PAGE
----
(Global Financial Integrity (GFI) is a Washington, DC-based research and advocacy organization which promotes transparency in the international financial system.
GFI promotes national and multilateral policies, safeguards, and agreements aimed at curtailing the cross-border flow of illegal money. In putting forward solutions, facilitating strategic partnerships, and conducting groundbreaking research, GFI is leading the way in efforts to curtail illicit financial flows and enhance global development and security.)
WASHINGTON, DC –"The Drivers and Dynamics of Illicit Financial Flows from India: 1948-2008," released today from Global Financial Integrity (GFI), estimates that tax evasion, crime, and corruption have removed gross illicit assets from India worth US $462 billion. The report also finds that the faster rates of economic growth since economic reform started in 1991 led to a deterioration of income distribution which led to more illicit flows from the country. Moreover, the report finds that the poor state of governance is reflected in a growing underground economy which in turn has fueled more transfers of illicit capital from India. This analysis is cast in terms of a pre- and a post-reform period spanning a total of 61 years since independence.
"This report puts into stark terms the financial cost of tax evasion, corruption, and other illicit financial practices in India," said Global Financial Integrity director Raymond Baker. "It also shows that these illicit outflows contribute to stagnating levels of poverty and an ever widening gap between India's rich and poor."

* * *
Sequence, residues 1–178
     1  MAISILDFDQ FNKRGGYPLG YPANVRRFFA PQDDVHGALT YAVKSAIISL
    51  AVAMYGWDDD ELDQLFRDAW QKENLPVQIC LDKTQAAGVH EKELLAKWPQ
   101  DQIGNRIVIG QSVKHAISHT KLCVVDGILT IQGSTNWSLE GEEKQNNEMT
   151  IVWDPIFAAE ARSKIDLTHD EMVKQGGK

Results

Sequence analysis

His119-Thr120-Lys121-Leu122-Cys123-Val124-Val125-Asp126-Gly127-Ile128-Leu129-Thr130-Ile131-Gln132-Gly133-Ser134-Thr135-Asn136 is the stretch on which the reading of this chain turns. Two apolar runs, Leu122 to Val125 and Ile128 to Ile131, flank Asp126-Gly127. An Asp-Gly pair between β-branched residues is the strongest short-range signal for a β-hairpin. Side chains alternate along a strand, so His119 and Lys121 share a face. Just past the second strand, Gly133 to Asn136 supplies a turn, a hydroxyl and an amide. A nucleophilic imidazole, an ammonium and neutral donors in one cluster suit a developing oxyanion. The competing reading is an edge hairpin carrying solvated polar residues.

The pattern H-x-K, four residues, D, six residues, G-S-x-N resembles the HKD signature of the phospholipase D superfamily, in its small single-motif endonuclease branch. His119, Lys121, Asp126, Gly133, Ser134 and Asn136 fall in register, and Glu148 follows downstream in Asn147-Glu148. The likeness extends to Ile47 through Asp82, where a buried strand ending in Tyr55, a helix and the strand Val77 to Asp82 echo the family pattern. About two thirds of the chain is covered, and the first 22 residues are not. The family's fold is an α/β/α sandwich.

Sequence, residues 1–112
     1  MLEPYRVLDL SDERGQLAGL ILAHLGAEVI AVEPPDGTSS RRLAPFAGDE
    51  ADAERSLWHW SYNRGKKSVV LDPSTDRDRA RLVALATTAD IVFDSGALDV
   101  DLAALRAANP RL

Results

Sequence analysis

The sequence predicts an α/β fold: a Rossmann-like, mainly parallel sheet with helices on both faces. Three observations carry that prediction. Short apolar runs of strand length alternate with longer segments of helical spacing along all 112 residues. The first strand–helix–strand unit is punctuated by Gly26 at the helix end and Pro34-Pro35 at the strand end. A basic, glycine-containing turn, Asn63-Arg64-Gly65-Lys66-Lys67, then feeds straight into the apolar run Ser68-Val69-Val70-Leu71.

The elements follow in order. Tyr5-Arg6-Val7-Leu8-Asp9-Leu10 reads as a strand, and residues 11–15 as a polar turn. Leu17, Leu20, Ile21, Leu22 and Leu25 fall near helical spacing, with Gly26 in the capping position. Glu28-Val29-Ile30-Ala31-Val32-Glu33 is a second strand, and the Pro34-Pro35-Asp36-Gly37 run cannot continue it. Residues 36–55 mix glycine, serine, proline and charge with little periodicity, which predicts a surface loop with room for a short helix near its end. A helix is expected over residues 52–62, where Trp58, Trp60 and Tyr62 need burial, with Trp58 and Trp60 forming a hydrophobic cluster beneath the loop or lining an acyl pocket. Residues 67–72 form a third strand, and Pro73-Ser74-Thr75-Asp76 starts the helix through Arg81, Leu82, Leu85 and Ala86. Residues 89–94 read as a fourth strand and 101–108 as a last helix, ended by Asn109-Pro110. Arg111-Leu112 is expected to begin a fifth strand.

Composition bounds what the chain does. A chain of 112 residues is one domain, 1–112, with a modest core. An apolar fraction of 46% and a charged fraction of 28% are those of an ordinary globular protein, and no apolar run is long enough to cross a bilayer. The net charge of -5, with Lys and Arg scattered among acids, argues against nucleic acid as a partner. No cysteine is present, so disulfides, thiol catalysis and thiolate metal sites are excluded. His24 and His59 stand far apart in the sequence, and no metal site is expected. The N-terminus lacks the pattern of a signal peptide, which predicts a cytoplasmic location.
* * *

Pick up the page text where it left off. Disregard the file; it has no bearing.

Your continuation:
Primary report findings include:
* From 1948 through 2008, India lost a total of US $213 billion in illicit financial flows (or illegal capital flight). These illicit financial flows were generally the product of: tax evasion, corruption, bribery and kickbacks, and criminal activities.
* Adjusted Estimates: The present value of India's total illicit financial flows (IFFs) is at least US $462 billion. This is based on the short-term U.S. Treasury bill rate as a proxy for the rate of return on assets.
* India's aggregate illicit flows are more than twice the current external debt of US $230 billion.
* Based on the last five years of the study, 2004-2008, India lost assets at a rate of US $19 billion per year.
* Total capital flight out of India represents approximately 16.6 percent of India's GDP as of year-end 2008. In present value terms, India lost an equivalent of about 36 percent of its 2008 GDP which represents a staggering loss of capital.
* Some 68 percent of India's aggregate illicit capital loss occurred after India's economic reforms in 1991, indicating that deregulation and trade liberalization actually contributed to/accelerated the transfer of illicit money abroad.
* IFF Drivers: High Net-Worth Individuals (HNWIs) and private companies were found to be the primary drivers of illicit flows out of India's private sector. India's underground economy is also a significant driver of illicit financial flows.